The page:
To note any requests to speak on any items that are on the agenda in accordance with the Council’s Public Speaking Scheme (see footnote to this agenda).
Councillor Izzi Seccombe (Leader of the Council and Chair of Cabinet) welcomed two members of the public to speak.
1) Zoe Holynska (speaking regarding agenda item 8) stated, “I am a full-time mother at the moment but am a secondary and A level teacher by profession. Today I want to bring to your attention the gap in adequate primary school provision for children currently aged 6 to 11 within Nuneaton North and East. I just want to start by outlining my family’s situation. We moved to Weddington from Worcestershire just before Christmas and our youngest daughter, now in year one, got a place at Weddington Primary.
Unfortunately, there are no places locally for our older son, now in year 2. Lower Farm Academy, the school being built for the purpose of dealing with the increased demand for school places in the area, currently only caters for year one and reception pupils. After a failed appeal to get him into Weddington Primary, we accepted a place at Whitestone Infant School, on the other side of Nuneaton. It has placed a great deal of strain on our family having two drop-offs and pick-ups on different sides of town with frequent traffic congestion to exacerbate the situation. We cannot afford wrap around care and, as a result, often have no other option but to drop one child off late and collect the other early, meaning valuable school time is being missed by both children. As I am sure you will agree, this is not fair on any child as it is likely to have a long-term, detrimental impact on their learning and cause unnecessary disruption to lessons. I am fully aware that for families without a car, the situation must be even worse. Furthermore, our son's time at Whitestone will be coming to an end at the end of this academic year, as it is an infant school. Being out of catchment of any junior school, this puts our son and family in a very unpleasant situation.
Figures that we have obtained through the Freedom of Information Act show that there is a significant current shortfall of places for older year groups in this area. As an example, for year two, the waiting list for Weddington Primary has eight pupils, Milby Primary, five and St Nicholas C of E Academy, seven. To add to this, there are over 100 children in the CV10 and CV11 area being home-schooled, some of whom it is likely a consequence of inadequate local schooling options. From the data that we obtained, we can see that already many existing local schools have had to increase class sizes above 30 to cater for demand. In year four at Weddington, they have already taken on 6 extra pupils, meaning class sizes of 33. This situation will only worsen as further planned housing is built, which will in turn affect more families and put pressure on established local primary schools. Added to the still growing development in Weddington, another is due to start shortly in Whitestone, where the schools are currently absorbing the overflow from Weddington and other new-build areas.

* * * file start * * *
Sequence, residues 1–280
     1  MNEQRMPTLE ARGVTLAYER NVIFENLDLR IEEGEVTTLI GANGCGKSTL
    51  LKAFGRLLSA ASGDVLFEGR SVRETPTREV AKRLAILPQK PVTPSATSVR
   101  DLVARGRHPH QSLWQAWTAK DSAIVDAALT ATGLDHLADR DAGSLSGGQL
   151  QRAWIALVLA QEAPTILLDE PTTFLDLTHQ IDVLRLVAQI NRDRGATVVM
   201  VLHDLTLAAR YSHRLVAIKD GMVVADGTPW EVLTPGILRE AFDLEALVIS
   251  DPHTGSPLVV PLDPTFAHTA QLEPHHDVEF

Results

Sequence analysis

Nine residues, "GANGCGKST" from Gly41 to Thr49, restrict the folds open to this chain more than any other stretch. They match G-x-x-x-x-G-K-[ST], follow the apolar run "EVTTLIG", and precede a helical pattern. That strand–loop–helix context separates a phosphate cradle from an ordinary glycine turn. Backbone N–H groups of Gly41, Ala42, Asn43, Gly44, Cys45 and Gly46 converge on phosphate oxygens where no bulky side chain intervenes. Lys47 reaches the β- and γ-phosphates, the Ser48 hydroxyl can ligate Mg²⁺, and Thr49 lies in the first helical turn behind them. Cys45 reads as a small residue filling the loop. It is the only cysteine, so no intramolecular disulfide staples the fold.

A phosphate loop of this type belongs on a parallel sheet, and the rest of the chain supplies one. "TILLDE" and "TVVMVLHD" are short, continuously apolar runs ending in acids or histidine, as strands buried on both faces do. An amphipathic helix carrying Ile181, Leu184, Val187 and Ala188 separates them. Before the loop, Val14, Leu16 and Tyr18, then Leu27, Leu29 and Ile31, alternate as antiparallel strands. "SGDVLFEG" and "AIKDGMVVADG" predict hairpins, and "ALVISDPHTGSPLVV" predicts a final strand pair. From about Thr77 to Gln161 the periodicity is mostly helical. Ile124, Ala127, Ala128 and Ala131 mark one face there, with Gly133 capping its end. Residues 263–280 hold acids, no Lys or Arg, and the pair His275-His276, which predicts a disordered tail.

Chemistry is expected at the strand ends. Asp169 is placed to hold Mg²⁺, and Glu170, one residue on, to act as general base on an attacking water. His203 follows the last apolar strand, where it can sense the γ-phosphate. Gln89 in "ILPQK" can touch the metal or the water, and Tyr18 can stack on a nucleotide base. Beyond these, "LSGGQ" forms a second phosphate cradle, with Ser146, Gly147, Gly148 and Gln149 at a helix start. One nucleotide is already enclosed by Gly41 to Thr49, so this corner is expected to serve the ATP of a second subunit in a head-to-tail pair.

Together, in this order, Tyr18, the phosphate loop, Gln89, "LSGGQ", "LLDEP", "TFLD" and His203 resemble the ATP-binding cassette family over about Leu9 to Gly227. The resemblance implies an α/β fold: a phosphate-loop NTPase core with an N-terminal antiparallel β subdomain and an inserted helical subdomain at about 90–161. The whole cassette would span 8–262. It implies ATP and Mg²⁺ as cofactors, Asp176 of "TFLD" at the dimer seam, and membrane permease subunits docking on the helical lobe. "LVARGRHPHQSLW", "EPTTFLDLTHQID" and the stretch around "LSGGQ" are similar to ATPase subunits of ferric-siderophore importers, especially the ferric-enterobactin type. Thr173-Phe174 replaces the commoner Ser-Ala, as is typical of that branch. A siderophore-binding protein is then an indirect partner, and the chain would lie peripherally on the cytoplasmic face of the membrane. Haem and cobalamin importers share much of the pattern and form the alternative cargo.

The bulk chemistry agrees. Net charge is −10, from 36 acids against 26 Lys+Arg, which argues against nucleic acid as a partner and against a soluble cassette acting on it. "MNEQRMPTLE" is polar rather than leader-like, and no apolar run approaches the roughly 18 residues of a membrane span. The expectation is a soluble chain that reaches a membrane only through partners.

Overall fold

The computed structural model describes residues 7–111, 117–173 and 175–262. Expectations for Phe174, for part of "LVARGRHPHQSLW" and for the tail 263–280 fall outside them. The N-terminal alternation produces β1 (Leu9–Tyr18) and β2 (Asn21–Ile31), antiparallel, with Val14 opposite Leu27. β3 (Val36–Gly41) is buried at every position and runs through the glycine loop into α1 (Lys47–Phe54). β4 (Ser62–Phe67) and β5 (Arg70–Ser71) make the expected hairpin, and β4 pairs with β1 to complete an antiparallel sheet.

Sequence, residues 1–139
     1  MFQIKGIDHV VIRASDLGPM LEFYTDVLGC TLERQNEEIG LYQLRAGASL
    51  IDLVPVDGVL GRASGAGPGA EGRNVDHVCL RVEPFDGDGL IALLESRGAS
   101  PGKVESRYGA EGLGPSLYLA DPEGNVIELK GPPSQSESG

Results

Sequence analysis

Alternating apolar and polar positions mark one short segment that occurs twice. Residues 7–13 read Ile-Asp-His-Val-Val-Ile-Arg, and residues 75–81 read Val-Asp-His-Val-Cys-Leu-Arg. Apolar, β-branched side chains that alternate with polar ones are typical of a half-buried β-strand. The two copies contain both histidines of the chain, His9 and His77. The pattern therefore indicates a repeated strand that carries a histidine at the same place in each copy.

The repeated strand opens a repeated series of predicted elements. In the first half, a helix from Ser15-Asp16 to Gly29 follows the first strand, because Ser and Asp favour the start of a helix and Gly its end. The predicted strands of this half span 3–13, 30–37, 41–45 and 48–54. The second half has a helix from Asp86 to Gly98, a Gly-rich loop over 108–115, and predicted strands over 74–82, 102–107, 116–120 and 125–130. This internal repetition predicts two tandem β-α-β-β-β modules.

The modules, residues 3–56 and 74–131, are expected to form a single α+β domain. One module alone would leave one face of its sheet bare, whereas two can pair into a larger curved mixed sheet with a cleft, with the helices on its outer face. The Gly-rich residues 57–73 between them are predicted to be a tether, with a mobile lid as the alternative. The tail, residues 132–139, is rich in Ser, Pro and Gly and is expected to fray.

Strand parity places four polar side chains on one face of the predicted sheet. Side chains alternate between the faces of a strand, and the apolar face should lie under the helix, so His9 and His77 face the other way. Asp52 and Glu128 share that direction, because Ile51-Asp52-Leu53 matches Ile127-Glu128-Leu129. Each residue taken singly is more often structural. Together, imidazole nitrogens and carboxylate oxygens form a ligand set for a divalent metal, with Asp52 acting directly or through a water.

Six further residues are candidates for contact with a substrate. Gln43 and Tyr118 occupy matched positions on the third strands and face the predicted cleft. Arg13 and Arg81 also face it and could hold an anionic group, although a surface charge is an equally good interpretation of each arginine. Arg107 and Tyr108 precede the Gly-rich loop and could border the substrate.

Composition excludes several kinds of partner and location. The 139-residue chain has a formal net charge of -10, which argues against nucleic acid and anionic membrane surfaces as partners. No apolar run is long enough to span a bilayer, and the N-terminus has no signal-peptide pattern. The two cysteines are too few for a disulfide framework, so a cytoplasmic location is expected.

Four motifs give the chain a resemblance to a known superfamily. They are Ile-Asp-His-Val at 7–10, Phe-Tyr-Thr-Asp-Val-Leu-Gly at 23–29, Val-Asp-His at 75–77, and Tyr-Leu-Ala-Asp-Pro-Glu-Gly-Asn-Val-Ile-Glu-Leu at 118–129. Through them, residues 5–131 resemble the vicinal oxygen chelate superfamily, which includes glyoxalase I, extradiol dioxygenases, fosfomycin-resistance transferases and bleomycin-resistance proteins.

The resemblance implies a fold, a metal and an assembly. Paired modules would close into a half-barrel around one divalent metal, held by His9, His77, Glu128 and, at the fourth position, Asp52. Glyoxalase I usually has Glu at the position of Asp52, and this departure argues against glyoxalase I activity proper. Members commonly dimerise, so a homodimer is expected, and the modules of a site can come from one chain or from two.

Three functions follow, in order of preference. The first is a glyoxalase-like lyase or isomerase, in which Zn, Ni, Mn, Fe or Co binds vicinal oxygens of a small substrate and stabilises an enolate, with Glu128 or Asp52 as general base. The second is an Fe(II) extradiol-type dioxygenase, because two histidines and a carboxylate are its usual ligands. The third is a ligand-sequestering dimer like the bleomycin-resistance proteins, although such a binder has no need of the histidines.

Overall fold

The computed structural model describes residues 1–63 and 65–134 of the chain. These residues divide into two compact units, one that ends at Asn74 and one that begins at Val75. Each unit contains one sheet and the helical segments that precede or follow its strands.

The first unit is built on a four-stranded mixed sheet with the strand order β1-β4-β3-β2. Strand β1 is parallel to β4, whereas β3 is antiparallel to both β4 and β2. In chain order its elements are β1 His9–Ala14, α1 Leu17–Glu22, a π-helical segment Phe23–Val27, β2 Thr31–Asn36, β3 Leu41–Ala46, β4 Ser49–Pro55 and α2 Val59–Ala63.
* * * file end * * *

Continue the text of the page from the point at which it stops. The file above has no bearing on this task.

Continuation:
As I am sure you are aware, the construction of Lower Farm Academy is now underway and set for completion on the 27th August next year. Once built, the school has the space to open classes to cater for the children and families that are currently being left without adequate schooling options. Classrooms will be standing unused, which is appalling when you consider the demand and the impact that it is having on so many families and children within the area. We would like to back Cllr Keith Kondakor in his efforts to open-up further year groups within the school. This would put an end to the difficult and unfair situation that many local families and young children have been placed in. If class sizes are initially too small to make this option attractive, the possibility of combining year groups, as they do in many small rural primary schools, could be an alternative.
2) Susan Rasmussen (speaking regarding agenda item 6 addressed he meeting partly as Mayor of Leamington. She stated that one of the outcomes of the public consultation exercise on the Leamington Local Plan had been strong evidence that people want more cycleways to be created. A cycleway along the Emscote Road would be very popular. Speaking in her role as Chair of Clean Air for Leamington, she informed the meeting that she and that organisation endorses the governments stated aim of increasing cycling. Cabinet was thanked for considering the proposed improvements along the Emscote Road and it was noted that it can be quicker to cycle between Warwick and Leamington (or vice versa) than to drive and have to find somewhere to park.
Councillor Seccombe thanked the speakers for their contributions and invited them to remain in the meeting to hear the debate on the areas in which they were interested.